For creators who wants to make videos for platforms like IGTV and youtube as examples you have two totally different formats. Portrait and landscape. You could obviously crop a video or photo from either orientation to the other. But lately I keep thinking that having a camera with a square sensor would make sense to be able to support both formats from the beginning then use the footage for either orientation without loosing out on quality on one of them.

Does this exist?

  • 2
    Better yet, why not a circular sensor that covers (almost) the entire image circle, and you can crop to rectangular, square, or any other shape you want in post...?
    – twalberg
    Jul 10, 2019 at 14:04
  • Does a circular sensor exist?
    – just_user
    Jul 10, 2019 at 14:18
  • This is what I found wonderful about the Hasselblad 2¼ x 2¼ square format.
    – Stan
    Jul 10, 2019 at 15:33
  • 4
    Circular sensors would be a wasteful manufacturing nightmare, unless you made them whole-wafer sized. Jul 10, 2019 at 16:03
  • @rackandboneman It could be a patchwork sensor in a cross shape.
    – xiota
    Jul 10, 2019 at 16:42

3 Answers 3


Even if you had a square sensor, composing for landscape and portrait simultaneously would require leaving a lot of room around the edges for cropping, which would cause you to "lose quality" for both formats.

Use the format most suitable for the target platform. If you really need multiple, incompatible formats, consider using a multi-camera setup.

Apparently square sensors are made and used in the aerospace industry, and many cameras do provide a 1:1 crop setting. However, I am unaware of any consumer camera that contains a native 1:1 sensor.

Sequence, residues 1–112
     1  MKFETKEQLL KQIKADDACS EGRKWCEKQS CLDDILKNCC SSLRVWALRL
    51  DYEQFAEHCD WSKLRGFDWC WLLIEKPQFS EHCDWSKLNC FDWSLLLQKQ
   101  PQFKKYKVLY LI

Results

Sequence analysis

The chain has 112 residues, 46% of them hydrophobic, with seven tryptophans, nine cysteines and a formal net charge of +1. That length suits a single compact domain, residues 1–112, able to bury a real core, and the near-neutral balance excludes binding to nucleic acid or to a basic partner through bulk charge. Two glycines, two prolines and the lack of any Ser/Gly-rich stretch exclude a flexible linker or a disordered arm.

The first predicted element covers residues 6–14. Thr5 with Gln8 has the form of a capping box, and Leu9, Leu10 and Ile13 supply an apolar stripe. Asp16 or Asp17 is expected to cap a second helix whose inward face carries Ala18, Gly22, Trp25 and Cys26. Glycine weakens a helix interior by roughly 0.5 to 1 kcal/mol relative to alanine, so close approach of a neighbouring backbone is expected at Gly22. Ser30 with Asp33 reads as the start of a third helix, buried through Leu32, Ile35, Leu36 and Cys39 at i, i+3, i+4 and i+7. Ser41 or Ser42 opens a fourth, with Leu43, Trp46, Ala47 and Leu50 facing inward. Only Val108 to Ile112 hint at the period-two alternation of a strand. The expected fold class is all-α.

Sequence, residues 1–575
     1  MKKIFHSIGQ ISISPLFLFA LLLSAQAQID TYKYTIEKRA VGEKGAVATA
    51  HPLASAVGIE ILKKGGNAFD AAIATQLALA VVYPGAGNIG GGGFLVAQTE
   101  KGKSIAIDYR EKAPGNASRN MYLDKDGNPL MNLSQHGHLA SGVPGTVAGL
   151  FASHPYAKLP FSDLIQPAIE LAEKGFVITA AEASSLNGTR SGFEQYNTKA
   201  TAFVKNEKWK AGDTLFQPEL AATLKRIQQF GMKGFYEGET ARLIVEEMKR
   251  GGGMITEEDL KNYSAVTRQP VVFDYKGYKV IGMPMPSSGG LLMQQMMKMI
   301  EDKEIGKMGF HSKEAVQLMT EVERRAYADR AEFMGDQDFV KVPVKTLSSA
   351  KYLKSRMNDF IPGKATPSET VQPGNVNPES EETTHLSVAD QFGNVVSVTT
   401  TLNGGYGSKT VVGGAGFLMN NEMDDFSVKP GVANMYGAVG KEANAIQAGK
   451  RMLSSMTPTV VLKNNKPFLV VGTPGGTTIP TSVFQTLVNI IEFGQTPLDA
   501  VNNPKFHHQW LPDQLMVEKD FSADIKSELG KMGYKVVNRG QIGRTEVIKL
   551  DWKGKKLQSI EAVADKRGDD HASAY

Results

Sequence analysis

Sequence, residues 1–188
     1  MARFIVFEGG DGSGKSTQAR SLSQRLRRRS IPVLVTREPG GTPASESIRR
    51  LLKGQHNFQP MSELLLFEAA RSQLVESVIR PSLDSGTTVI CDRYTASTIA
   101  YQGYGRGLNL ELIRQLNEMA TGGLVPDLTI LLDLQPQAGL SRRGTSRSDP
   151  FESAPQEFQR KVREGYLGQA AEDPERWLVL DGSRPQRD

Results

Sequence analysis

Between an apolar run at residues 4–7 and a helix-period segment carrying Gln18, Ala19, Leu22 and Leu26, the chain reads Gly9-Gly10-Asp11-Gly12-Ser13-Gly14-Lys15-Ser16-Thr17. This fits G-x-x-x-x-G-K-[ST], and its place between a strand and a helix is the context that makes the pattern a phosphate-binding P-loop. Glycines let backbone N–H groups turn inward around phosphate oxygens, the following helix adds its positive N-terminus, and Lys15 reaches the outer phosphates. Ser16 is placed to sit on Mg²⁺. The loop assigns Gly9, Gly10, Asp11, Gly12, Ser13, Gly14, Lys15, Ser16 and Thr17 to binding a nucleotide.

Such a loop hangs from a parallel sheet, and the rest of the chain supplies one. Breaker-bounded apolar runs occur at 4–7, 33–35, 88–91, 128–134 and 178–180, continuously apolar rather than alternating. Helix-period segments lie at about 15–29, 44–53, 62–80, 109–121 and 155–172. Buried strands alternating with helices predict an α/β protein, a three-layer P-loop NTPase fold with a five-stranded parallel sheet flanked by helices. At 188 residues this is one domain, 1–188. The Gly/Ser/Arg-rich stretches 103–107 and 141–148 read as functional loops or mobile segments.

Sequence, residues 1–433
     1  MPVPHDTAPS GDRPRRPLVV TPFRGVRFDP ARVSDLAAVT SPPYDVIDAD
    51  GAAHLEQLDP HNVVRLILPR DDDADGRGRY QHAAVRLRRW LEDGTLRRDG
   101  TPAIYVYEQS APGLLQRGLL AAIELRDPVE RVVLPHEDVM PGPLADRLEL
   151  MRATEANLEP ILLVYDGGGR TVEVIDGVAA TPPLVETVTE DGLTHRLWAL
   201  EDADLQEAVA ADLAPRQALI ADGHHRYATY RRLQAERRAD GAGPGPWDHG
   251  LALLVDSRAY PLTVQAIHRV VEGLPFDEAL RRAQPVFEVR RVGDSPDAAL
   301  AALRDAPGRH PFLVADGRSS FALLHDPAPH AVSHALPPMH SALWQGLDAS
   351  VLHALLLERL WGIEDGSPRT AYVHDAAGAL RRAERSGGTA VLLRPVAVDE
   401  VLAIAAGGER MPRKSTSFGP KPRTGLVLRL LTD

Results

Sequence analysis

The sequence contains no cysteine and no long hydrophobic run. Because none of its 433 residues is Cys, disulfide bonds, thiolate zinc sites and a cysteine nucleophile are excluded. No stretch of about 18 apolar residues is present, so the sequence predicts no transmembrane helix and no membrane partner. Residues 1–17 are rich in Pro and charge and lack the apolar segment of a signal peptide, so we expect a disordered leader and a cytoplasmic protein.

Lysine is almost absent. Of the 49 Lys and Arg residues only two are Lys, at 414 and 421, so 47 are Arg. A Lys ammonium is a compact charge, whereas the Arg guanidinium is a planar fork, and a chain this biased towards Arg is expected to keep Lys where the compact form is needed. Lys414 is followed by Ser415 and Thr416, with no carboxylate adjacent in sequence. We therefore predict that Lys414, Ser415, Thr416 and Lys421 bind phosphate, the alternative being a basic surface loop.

• There are medium format cameras with a 5:4 aspect ratio.

  • The closest, commonly available format is 4:3, found in micro-four-thirds cameras, many medium-format cameras, compact cameras, and cell phones.

When the desired aspect ratio is known ahead of time, it's "best" to make a sensor directly in that aspect ratio to fit within the imaging circle. The problem with square sensors, when non-square, rectangular aspect ratios are desired, is...

  • A non-square crop from a square sensor that fits within the imaging circle would leave large portions of the imaging circle unused.

  • A square sensor that completely covers the imaging circle would have unusable corners. It would also have to be larger than necessary, which would increase manufacturing costs and defects.

    A camera with such a sensor would likely also be unmarketable. Consider what would happen if a manufacturer put a medium-format sensor in a full-frame body, or a full-frame sensor in an APS-C body. Consumers would consider the unused sensor area and lack of lenses capable of using the full sensor to be defects.


  • Regarding the first point - the largest rectangle that can be inscribed in a circle is a square. So in that sense, a square sensor would actually maximize the portion of the image circle in use. You're right, though, that any rectangle will leave quite a bit of the circle unused...